Now, former U.S. Ambassador to China and Presidential candidate John Huntsman weighs in.
a. “Sino-U.S. ‘trade war’ is heating up again”
The Shanghai-based Shanghai Media Group (SMG) publication, China Business News: “The United States provoked a trade war again by imposing high anti-dumping duties on Chinese-made gift boxes and packaging ribbon. This once again shows that 2010 is off to a difficult start for Sino-U.S. relations. It also reflects that, because of the mid-term elections, Obama is eager to prove to the American voters that the U.S. Administration’s China policy is tough so as to restore his declining support rate. Yao Jian, the Ministry of Commerce spokesperson, issued a statement on February 1, saying that following the financial crisis American trade protectionism has risen. China has become the biggest victim of the U.S.’s abusive implementation of trade remedy measures.b. “The United States no longer sits still; it frequently uses evil tricks to force China to buy U.S. bonds”
The Shanghai-based Shanghai Media Group (SMG) publication, China Business News: “This time the quick change of the U.S. policy (toward China) has surprised quite a few people. The U.S. has almost used all deterring means, besides military means, against China. China must be clear on discovering what the U.S. goals are behind its tough stances against China. In fact, a fierce competition between the currencies of big countries has just started. A crucial move for the U.S. is to shift its crisis to other countries – by coercing China to buy U.S. treasury bonds with foreign exchange reserves and doing everything possible to prevent China’s foreign reserve from buying gold.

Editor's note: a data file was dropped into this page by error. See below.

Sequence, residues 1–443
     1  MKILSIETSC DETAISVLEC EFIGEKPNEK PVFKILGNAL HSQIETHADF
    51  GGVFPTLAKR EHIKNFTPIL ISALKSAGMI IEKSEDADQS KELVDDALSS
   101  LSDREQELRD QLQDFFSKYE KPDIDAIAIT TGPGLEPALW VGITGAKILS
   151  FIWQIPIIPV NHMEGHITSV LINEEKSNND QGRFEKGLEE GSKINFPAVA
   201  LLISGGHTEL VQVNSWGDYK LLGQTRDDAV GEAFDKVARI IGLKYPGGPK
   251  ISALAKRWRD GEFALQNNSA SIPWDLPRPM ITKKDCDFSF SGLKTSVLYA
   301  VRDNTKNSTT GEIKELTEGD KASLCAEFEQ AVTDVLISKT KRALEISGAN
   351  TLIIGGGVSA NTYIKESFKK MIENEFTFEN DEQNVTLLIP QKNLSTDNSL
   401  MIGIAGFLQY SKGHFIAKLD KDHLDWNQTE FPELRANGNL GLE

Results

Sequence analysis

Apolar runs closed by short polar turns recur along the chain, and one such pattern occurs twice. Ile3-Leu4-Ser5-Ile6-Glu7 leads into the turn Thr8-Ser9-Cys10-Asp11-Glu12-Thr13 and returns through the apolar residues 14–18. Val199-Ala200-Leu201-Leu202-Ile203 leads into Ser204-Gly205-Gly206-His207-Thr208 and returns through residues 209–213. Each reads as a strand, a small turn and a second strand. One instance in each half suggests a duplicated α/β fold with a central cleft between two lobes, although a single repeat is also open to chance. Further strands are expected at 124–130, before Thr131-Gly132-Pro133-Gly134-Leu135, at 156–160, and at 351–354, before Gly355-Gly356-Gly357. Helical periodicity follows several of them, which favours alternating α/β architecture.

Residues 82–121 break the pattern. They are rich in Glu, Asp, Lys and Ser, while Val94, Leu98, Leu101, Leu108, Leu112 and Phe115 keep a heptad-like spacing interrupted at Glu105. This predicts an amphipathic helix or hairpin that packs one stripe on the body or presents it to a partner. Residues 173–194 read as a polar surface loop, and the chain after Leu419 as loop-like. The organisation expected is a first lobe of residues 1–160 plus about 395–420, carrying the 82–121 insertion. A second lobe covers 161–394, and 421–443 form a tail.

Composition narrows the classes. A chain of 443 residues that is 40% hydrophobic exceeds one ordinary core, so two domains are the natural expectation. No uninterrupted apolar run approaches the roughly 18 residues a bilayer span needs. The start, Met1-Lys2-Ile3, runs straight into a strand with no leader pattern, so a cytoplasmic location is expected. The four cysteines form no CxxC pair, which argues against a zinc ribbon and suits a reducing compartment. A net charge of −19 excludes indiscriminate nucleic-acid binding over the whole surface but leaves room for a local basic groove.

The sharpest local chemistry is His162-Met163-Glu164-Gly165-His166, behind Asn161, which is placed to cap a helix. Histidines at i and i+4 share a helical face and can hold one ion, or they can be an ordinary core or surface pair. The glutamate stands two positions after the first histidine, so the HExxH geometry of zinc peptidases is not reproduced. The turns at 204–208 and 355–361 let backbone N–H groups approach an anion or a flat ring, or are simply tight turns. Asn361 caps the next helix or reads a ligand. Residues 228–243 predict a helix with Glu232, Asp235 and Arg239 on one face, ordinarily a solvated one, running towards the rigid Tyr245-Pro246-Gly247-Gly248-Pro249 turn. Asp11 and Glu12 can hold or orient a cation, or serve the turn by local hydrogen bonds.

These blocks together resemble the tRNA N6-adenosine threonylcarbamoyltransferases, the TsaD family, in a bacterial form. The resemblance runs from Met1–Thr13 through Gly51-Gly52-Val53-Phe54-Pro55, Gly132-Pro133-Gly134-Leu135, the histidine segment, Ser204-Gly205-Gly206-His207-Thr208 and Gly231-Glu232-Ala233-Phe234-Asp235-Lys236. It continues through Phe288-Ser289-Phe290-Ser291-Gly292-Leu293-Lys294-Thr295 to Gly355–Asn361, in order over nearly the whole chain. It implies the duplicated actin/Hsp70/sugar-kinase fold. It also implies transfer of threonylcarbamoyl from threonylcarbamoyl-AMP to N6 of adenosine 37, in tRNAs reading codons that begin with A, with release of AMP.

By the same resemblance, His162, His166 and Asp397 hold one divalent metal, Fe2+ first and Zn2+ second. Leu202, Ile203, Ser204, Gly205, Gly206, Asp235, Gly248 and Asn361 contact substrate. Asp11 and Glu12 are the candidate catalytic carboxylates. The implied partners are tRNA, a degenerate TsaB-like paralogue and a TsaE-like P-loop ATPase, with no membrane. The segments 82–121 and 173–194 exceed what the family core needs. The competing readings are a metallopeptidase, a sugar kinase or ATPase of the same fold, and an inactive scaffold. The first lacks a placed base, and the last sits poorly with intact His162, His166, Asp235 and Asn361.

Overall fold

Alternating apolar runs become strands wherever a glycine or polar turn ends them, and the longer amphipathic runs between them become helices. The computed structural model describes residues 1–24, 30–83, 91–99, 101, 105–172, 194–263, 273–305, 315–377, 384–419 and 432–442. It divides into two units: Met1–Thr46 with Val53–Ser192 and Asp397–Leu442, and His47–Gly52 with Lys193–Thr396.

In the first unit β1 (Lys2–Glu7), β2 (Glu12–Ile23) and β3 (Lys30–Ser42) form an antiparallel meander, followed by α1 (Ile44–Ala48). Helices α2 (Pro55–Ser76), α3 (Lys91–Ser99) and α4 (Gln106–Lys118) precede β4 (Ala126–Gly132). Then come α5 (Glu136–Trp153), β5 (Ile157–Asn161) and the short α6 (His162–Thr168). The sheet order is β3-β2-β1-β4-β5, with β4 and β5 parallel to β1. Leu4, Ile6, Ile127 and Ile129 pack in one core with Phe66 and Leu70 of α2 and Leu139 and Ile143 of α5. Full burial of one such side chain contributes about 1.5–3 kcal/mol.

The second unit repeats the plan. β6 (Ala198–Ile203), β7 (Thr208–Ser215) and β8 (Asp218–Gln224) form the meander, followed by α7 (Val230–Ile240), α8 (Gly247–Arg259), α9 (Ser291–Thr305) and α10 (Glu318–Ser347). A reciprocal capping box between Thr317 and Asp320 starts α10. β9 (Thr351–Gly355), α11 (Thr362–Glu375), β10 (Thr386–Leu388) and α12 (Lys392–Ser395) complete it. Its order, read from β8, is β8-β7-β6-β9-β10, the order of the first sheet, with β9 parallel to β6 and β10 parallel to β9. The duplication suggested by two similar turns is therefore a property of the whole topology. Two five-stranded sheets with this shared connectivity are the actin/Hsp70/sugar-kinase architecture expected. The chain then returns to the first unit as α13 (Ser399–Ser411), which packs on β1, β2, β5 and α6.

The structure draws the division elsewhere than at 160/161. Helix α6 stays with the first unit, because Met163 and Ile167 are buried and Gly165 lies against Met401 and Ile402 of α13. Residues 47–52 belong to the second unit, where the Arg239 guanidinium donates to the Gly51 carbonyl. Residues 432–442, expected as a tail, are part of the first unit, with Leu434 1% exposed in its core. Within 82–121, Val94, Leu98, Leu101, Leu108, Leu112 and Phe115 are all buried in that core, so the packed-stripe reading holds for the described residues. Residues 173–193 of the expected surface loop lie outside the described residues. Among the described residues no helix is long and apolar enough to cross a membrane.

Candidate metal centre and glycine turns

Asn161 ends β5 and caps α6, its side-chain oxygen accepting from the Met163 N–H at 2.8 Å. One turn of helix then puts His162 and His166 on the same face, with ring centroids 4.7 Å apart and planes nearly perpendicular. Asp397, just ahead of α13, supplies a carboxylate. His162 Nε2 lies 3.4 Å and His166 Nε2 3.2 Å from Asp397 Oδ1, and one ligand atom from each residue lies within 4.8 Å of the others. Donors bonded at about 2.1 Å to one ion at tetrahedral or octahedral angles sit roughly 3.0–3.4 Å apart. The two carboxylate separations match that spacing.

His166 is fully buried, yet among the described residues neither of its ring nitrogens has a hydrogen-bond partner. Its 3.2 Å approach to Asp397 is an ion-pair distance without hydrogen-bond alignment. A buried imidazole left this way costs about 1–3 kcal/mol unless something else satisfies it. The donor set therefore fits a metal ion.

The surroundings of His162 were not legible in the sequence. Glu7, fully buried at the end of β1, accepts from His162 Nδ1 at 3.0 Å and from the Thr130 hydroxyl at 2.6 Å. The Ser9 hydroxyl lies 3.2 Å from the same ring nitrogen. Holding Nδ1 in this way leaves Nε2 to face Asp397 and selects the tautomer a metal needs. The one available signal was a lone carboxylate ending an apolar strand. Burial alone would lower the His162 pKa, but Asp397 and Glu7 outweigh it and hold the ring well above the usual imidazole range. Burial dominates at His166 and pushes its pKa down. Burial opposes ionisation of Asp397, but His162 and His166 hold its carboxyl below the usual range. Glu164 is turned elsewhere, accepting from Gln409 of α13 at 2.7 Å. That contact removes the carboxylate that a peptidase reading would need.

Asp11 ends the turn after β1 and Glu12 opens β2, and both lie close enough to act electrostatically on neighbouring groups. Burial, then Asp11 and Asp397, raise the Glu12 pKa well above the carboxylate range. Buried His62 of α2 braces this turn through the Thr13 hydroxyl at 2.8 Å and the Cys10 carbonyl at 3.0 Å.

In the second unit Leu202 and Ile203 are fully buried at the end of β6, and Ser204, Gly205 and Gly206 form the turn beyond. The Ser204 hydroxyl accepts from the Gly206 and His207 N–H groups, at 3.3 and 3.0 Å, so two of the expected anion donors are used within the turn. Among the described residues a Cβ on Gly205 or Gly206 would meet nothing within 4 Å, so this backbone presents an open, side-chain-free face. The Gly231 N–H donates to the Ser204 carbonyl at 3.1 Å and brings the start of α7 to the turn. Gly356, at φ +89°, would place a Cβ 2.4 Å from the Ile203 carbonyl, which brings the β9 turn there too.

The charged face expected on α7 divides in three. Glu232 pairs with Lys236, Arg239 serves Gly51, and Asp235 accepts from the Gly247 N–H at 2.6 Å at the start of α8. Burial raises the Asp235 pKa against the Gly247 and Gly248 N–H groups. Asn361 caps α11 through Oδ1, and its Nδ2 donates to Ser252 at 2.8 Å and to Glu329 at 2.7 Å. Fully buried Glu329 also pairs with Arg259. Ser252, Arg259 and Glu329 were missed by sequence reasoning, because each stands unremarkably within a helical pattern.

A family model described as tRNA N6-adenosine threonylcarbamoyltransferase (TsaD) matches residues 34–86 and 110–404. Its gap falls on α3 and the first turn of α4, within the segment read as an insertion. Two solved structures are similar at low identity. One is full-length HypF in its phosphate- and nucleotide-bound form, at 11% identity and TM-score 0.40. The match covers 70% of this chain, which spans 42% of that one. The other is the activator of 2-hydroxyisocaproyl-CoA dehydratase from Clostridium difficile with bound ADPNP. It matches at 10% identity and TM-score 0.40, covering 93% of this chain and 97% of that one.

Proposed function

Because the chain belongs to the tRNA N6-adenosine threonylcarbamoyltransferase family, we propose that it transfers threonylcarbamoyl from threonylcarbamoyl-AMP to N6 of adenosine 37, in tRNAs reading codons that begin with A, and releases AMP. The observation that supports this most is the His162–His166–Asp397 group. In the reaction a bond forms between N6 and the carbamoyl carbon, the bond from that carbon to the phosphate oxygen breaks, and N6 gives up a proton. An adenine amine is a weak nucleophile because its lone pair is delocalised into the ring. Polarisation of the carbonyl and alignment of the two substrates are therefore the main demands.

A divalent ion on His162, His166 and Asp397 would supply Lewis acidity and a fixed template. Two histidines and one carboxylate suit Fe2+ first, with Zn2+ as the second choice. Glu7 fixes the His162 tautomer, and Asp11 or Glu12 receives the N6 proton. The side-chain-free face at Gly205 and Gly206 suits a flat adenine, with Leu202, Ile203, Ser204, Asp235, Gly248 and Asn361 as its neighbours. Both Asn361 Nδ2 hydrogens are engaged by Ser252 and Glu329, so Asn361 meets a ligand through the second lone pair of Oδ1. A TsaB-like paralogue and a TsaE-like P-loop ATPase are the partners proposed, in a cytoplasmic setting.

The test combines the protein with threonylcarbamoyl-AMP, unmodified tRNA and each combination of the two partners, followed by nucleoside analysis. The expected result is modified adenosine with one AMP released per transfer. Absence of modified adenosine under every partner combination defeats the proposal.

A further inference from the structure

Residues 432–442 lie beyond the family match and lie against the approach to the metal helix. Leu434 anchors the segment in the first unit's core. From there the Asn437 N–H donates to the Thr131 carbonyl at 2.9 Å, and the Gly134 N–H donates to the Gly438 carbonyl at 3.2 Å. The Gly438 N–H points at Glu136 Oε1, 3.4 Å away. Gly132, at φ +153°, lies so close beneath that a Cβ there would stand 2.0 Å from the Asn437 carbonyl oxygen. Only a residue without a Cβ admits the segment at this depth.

If we [China] use all of our foreign exchange reserves to buy U.S. Treasury bonds, then when someday the U.S. Federal Reserve suddenly announces that the original ten old U.S. dollars are now worth only one new U.S. dollar, and the new U.S. dollar is pegged to the gold – we will be dumbfounded.
Today when the United States is determined to beggar thy neighbor, shifting its crisis to China, the Chinese must be very clear what the key to victory is. It is by no means to use new foreign exchange reserves to buy U.S. Treasury bonds. The issues of Taiwan, Tibet, Xinjiang, trade and so on are all false tricks, while forcing China to buy U.S. bonds is the U.S.’s real intention.”
And considering that using military means to force China to continue to reinvest in treasuries is completely pointless it seems like America’s free lunch will soon be coming to an end. Most interestingly of all:
The nature of such behavior is a rogue lawyer’s behavior of ‘ripping off both sides’: taking advantage of cross-strait divergences, blackmailing the Taiwan people’s wealth by selling arms to Taiwan, and meanwhile coercing China to buy U.S. treasury bonds with foreign exchange reserves and extorting wealth from the mainland’s people.
No doubt, America’s divide-and-conquer tactics have been highly successful, and highly advantageous to America. The real question, of course, is how long will it be ’til both the Chinese and Taiwanese governments tire of sending their productive capital to America (either for treasuries, or weapons) so that Americans can have a free lunch? A dollar devaluation? War on the Korean peninsula? QE3? QE4? QE Gold?